/*$*/0x5BA4, /*%*/0x13DA, /*&*/0x4D68, /*'*/0x0010,
/*(*/0x0018, /*)*/0x0042, /***/0x01FE, /*+*/0x01A4,
/*,*/0x0002, /*-*/0x0180, /*.*/0x0001, /*/*/0x0012,
/*0*/0x7E12, /*1*/0x3010, /*2*/0x6D80, /*3*/0x7880,
/*4*/0x3380, /*5*/0x4B08, /*6*/0x5F80, /*7*/0x7200,
/*8*/0x7F80, /*9*/0x7380, /*:*/0x0024, /*;*/0x0022,
/*<*/0x0118, /*=*/0x0980, /*>*/0x00C2, /*?*/0x6085,
/*@*/0x6E90, /*A*/0x7780, /*B*/0x78A4, /*C*/0x4E00,
/*D*/0x7824, /*E*/0x4F00, /*F*/0x4700, /*G*/0x5E80,
/*H*/0x3780, /*I*/0x4824, /*J*/0x3C00, /*K*/0x0718,
/*L*/0x0E00, /*M*/0x3650, /*N*/0x3648, /*O*/0x7E00,
/*P*/0x6780, /*Q*/0x7E08, /*R*/0x6788, /*S*/0x5B80,
/*T*/0x4024, /*U*/0x3E00, /*V*/0x0612, /*W*/0x360A,
/*X*/0x005A, /*Y*/0x2384, /*Z*/0x4812, /*[*/0x3098,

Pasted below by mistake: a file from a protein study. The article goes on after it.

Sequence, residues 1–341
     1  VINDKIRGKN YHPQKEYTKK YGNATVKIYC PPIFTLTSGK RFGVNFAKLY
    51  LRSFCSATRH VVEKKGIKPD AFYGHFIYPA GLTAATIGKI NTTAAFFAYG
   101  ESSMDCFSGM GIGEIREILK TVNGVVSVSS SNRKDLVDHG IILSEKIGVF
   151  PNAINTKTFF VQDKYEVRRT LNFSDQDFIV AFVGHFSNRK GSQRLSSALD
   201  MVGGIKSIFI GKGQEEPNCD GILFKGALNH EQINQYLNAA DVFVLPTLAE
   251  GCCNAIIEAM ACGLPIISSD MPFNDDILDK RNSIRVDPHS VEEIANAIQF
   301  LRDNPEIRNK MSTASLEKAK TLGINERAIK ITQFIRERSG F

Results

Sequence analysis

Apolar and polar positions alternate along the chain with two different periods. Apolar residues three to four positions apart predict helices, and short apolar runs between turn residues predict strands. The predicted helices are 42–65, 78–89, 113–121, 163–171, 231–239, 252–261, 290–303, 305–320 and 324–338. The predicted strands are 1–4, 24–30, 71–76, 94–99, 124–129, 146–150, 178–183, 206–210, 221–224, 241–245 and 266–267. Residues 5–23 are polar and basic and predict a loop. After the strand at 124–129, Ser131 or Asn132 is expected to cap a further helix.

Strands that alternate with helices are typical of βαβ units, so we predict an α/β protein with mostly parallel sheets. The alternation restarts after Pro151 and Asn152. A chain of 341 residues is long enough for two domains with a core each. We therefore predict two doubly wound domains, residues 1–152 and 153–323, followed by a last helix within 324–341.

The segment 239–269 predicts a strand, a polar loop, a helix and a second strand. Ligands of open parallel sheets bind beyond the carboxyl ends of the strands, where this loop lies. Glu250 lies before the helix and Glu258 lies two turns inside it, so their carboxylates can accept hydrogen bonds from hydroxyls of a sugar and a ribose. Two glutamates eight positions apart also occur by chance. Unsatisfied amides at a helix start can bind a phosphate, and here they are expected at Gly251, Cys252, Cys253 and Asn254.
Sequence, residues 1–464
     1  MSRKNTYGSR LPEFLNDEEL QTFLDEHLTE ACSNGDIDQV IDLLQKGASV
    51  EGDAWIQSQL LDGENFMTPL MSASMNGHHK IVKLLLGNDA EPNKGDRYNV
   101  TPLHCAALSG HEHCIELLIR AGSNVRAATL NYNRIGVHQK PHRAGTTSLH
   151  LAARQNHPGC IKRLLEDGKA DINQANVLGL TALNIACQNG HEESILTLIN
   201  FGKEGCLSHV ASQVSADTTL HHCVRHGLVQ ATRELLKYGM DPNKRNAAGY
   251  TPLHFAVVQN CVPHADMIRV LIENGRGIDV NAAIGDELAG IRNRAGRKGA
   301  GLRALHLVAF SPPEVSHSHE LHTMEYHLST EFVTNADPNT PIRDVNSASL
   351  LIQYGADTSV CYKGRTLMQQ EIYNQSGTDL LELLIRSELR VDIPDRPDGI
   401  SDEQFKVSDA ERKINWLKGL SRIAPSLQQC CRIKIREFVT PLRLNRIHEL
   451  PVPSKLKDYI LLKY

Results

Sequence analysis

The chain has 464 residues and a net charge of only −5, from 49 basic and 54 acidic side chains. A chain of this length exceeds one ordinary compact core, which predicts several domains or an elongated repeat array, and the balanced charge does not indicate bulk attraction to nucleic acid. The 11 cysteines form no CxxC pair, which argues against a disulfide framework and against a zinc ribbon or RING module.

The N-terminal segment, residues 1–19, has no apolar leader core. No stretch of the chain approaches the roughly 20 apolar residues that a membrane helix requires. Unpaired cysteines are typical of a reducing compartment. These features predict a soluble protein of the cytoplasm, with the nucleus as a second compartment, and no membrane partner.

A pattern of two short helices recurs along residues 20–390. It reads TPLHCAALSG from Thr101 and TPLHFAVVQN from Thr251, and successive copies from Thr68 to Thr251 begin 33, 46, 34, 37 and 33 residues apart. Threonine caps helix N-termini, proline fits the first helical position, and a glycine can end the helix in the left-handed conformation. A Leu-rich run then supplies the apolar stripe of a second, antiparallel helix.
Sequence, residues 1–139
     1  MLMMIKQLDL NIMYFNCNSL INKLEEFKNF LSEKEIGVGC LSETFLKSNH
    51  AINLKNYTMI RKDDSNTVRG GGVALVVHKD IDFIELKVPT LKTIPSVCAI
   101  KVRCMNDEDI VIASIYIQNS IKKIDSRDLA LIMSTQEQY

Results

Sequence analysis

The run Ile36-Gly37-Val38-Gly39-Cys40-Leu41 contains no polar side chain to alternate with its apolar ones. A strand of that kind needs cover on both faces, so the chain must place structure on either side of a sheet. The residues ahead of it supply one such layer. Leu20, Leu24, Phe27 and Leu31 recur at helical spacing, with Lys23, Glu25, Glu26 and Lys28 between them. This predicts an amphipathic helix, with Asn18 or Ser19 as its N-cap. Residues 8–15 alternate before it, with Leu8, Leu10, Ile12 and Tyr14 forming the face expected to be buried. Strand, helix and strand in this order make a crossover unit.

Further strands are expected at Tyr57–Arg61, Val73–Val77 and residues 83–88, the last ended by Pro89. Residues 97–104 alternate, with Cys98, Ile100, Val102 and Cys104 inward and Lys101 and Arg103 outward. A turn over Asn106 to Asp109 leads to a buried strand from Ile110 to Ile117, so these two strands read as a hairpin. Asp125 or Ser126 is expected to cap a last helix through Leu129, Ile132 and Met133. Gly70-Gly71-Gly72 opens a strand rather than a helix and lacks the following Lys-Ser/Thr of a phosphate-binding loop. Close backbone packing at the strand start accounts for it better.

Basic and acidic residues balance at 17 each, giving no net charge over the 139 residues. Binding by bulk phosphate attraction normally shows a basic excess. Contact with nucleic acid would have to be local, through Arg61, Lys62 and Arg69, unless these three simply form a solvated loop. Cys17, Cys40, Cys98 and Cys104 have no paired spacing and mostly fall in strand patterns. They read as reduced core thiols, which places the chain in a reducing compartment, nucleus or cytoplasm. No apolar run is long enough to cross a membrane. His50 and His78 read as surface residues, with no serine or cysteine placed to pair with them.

/*\*/0x0048, /*]*/0x0742, /*^*/0x0240, /*_*/0x0800,
/*`*/0x0040, /*a*/0x0D44, /*b*/0x0F04, /*c*/0x0D00,
/*d*/0x0D24, /*e*/0x0D02, /*f*/0x40A4, /*g*/0x4B24,
/*h*/0x0704, /*i*/0x0004, /*j*/0x0422, /*k*/0x003C,
/*l*/0x0024, /*m*/0x1584, /*n*/0x0504, /*o*/0x1D80,
/*p*/0x4720, /*q*/0x4324, /*r*/0x0500, /*s*/0x4B04,
/*t*/0x01A4, /*u*/0x0C04, /*v*/0x0402, /*w*/0x140A,
/*x*/0x005A, /*y*/0x0054, /*z*/0x0902, /*{*/0x4942,
/*|*/0x0600, /*}*/0x4898, /*~*/0x0050, /*¶*/0x7FFE

As you may have noticed, the first and last bits are unused for reasons that will become clear if you look at my 

display driver C++ source code:

Getting messages to the display and even scrolling on the screen was only the beginning of this project.  Next I needed to communicate with a server on the Internet, so I bought a WiFi Shield from AsyncLabs to communicate with my server.  It's the one that actually gathers the stock info. Currently my server code is using Yahoo's data stream, but I'm switching to Google's Finance API.  Google's API is much better and there is no 15-minute delay.